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Souls from the Same Symphony: Alum Shares Connection with Scholarship Recipient

Supporting and guiding students in their journey to reach their full potential remains a core value to Rob Goodling ’67, who completed his master’s at the prestigious Eastman School of Music after graduating with a degree in music education from LVC. He believes every student is the reason a teacher should teach. 

Wanting to assist upcoming students who shared similar values, Goodling created the Rob. W. Goodling Music Education Scholarship at Lebanon Valley College. In a twist of fate, Justin Kripas ’21, a double major in audio & music production and music education, was the first to receive the scholarship.  

“I intended for this scholarship to be awarded to a multi-talented student who would go on to become an outstanding teacher,” Goodling said. “I was really pleased to learn that a gifted musician of Kripas’ caliber was named the first recipient of my scholarship.”

Having earned a full four-year scholarship for tuba while at LVC, Goodling understood the importance of financial aid and rewarding committed students. Having been an active student himself, Goodling was drawn to Kripas’ campus involvement and high standing among LVC’s music faculty. 

“I was immediately hired as a freshman pianist to accompany in voice studios and to be stage manager for recitals,” Goodling recalled. “In my junior and senior years, I became the drillmaster and director of the marching band and created the half-time shows.”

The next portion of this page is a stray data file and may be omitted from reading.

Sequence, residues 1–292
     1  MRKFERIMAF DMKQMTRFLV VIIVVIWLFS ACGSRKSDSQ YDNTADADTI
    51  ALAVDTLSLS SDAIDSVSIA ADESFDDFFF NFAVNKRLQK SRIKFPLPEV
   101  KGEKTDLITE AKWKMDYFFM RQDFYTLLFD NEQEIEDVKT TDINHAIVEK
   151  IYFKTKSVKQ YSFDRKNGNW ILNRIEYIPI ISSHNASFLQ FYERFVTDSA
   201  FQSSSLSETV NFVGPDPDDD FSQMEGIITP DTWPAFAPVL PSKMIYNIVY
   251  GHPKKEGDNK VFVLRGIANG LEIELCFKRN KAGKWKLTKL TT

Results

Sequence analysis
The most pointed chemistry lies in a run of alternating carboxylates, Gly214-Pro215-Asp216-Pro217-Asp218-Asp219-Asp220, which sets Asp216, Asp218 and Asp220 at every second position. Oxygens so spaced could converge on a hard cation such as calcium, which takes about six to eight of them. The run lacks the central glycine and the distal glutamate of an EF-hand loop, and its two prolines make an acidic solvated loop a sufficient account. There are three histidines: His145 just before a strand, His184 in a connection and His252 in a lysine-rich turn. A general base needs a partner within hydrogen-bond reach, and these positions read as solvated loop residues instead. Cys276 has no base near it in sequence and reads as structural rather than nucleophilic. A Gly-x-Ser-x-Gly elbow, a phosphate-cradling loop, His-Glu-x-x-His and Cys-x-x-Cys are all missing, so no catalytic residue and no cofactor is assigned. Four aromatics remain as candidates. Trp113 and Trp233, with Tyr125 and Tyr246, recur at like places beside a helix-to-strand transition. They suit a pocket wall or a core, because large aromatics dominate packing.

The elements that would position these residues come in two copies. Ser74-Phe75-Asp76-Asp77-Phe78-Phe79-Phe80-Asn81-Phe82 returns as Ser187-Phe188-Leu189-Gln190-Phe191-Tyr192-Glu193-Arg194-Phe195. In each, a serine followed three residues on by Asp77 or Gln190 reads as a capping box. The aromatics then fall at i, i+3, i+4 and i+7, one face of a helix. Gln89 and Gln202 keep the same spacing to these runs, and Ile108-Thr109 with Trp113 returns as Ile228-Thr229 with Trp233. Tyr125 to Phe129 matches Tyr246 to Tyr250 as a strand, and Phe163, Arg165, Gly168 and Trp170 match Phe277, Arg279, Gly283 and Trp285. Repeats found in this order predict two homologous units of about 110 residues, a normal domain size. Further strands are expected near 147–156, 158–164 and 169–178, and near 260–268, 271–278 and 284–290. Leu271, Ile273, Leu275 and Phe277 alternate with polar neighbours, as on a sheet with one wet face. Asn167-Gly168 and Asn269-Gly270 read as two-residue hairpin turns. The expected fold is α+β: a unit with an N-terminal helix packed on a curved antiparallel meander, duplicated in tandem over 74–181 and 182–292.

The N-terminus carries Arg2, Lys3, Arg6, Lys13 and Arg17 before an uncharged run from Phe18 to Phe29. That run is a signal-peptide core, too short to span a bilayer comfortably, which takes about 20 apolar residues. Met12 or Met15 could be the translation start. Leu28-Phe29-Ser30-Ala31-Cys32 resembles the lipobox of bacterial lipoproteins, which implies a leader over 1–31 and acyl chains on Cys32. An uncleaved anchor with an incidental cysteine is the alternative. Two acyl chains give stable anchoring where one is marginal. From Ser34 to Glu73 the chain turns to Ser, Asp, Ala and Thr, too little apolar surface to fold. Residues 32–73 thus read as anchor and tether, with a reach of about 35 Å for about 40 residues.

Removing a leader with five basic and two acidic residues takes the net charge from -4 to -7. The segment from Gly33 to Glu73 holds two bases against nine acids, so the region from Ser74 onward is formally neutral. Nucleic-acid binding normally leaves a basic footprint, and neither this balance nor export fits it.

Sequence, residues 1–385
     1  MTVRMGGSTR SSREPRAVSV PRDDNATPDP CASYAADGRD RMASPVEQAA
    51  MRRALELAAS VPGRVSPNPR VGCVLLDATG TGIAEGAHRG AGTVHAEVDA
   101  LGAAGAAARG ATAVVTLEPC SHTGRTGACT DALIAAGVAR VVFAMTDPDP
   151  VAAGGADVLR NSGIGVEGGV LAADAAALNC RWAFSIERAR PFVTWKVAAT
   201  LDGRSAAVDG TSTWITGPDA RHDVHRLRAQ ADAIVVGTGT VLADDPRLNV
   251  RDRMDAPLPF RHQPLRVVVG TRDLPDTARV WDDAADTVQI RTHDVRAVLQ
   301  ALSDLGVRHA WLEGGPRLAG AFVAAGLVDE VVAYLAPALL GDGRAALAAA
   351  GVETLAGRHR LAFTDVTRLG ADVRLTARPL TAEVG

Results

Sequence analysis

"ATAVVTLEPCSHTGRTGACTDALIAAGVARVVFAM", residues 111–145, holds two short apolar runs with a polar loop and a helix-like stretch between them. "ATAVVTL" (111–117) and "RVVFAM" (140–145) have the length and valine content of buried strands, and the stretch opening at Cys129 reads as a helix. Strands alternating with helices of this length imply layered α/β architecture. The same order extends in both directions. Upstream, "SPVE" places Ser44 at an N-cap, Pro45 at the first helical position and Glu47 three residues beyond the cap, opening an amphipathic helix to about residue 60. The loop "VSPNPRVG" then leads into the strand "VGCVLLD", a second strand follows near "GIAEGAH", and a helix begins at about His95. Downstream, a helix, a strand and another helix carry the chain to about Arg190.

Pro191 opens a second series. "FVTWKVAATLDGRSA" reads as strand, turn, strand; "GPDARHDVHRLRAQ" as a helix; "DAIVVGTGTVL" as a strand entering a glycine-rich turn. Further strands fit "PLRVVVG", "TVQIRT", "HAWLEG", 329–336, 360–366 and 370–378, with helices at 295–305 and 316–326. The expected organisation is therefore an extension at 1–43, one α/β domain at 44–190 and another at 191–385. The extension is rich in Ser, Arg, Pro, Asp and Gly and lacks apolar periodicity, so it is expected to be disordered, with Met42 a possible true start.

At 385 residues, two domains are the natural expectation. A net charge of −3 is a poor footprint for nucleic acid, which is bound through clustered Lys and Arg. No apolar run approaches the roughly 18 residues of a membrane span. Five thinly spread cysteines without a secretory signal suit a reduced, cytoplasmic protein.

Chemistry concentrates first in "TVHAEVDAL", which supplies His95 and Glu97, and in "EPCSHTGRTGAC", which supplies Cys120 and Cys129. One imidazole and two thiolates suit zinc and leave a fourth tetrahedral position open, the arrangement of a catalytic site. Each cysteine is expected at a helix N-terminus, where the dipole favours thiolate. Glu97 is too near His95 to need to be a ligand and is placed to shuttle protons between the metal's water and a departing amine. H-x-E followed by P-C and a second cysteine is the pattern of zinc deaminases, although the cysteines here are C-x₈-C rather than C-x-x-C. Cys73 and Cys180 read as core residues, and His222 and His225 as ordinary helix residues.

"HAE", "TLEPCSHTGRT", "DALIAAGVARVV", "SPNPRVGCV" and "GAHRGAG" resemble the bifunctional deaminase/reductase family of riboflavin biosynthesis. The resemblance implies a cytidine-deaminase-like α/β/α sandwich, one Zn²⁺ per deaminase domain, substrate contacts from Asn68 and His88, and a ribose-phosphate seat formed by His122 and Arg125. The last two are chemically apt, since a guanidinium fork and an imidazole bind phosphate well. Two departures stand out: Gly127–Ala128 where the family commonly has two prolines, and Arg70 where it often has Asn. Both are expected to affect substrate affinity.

Sharing the same adventurous spirit as Goodling, Kripas has dipped his foot in all areas of the music field, including recording, performing, teaching, and even composing. Additionally, Kripas has taken advantage of many performance opportunities LVC offers, such as marching band, jazz band, guitar ensemble, pit orchestra, choir, and several other ensembles. 

Kripas’ current list of performance instruments includes the electric and acoustic guitar, bass guitar, banjo, mandolin, ukulele, voice, trombone, bass trombone, drum set, piano, keyboard, and saxophone. 

“I began my musical endeavors in fourth grade when I had an interest in playing the saxophone, but humorously enough, I could not understand how to use a reed-based instrument,” Kripas said. “It was when I was handed a trombone mouthpiece that it simply made sense!” 

Upon the awarding of the scholarship, Goodling reached out to Kripas, congratulated him, and shared his experiences since graduation and information about his current job as a music history teacher at the Hochstein School of Music in Rochester, N.Y.

In addition to growing his connection with Goodling, Kripas plans to continue learning new instruments, exploring the music field, and composing original music. Meanwhile, Goodling looks forward to connecting with and supporting future recipients of the scholarship. 

“My teaching and performing careers have been extremely rewarding, and I will always be grateful to LVC for giving me opportunities to learn and grow in every possible way,” reflected Goodling.